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J Trauma Acute Care Surg. 2017 Nov;83(5S Suppl 2):S197-S200. doi: 10.1097/TA.0000000000001702.

Safe summers: Adapting evidence-based injury prevention into a summer curriculum.

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From the St. Louis Children's Hospital (M.S., C.C., N.K., C.R., G.T.), St. Louis, Missouri.



Unintentional injury is the leading cause of death for those aged 0 years to 19 years. St. Louis Children's Hospital created Safety Land, a comprehensive injury prevention intervention which is provided during summer months. This program uses a life-size board game to teach safety education to children in ages 5 years to 11 years. The purpose of this study was to evaluate the effect of Safety Land on safety knowledge in children that participated in the intervention.


St. Louis Children's Hospital identified ZIP codes with the highest use of the emergency room for injury. Daycares and summer camps within these ZIP codes were targeted for the Safety Land intervention. A multiple choice pretest and posttest survey was designed to measure knowledge change within program participants. Students were selected for testing based on site availably. Within these sites, a convenience sample of children was selected for pretesting and posttesting. Safety Land staff conducted the pretest a week before the intervention, and the posttest was administered the week after the intervention. A total knowledge score was calculated to determine overall knowledge change. Descriptive statistics and independent-samples t tests were conducted to determine statistical significance of change in knowledge (p < 0.05) for each question.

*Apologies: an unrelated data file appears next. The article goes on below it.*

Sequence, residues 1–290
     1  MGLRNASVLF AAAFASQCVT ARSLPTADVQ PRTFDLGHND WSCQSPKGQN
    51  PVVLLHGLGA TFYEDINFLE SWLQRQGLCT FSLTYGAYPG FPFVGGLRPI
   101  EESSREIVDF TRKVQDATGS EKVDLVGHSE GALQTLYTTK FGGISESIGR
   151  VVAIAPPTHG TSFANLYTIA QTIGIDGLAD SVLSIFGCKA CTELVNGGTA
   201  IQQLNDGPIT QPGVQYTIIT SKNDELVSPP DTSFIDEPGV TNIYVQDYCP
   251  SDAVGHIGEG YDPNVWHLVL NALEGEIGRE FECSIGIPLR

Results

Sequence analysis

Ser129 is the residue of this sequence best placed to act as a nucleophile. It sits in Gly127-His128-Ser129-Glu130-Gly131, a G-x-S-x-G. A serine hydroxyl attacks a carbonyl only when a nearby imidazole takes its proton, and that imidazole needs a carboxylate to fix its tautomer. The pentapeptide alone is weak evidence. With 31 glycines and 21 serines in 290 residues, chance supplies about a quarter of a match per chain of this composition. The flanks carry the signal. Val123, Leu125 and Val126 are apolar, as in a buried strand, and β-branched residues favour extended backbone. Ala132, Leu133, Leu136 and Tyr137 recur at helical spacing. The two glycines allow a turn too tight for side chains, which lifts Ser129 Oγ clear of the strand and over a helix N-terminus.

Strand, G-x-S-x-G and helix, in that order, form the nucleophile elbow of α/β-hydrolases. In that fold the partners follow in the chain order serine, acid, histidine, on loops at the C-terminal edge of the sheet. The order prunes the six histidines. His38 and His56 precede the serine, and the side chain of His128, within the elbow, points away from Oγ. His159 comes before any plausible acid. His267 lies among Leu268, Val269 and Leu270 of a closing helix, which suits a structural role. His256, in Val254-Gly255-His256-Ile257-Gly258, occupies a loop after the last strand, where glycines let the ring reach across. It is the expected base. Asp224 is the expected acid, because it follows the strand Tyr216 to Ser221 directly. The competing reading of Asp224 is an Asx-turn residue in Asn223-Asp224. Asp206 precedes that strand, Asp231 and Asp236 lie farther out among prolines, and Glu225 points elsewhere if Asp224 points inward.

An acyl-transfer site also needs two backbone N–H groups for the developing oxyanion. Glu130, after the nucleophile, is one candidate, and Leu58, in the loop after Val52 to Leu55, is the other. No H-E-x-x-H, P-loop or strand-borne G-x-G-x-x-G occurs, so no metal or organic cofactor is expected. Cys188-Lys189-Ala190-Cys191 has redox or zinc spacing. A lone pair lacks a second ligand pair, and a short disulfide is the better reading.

Between May 2014 and August 2016, 3,866 children participated in Safety Land. A total of 310 children completed the pretest and 274 completed the posttest. Mean test scores increased from 66.7% to 85.1% and independent-samples t test of the total knowledge score was significant (p < 0.05) between pretest and posttest values.


Findings suggest that this intervention is effective in increasing the knowledge of safety behaviors for children receiving the curriculum during the summer months. Further research should focus on long-term behavior changes in these youth.

[Indexed for MEDLINE]

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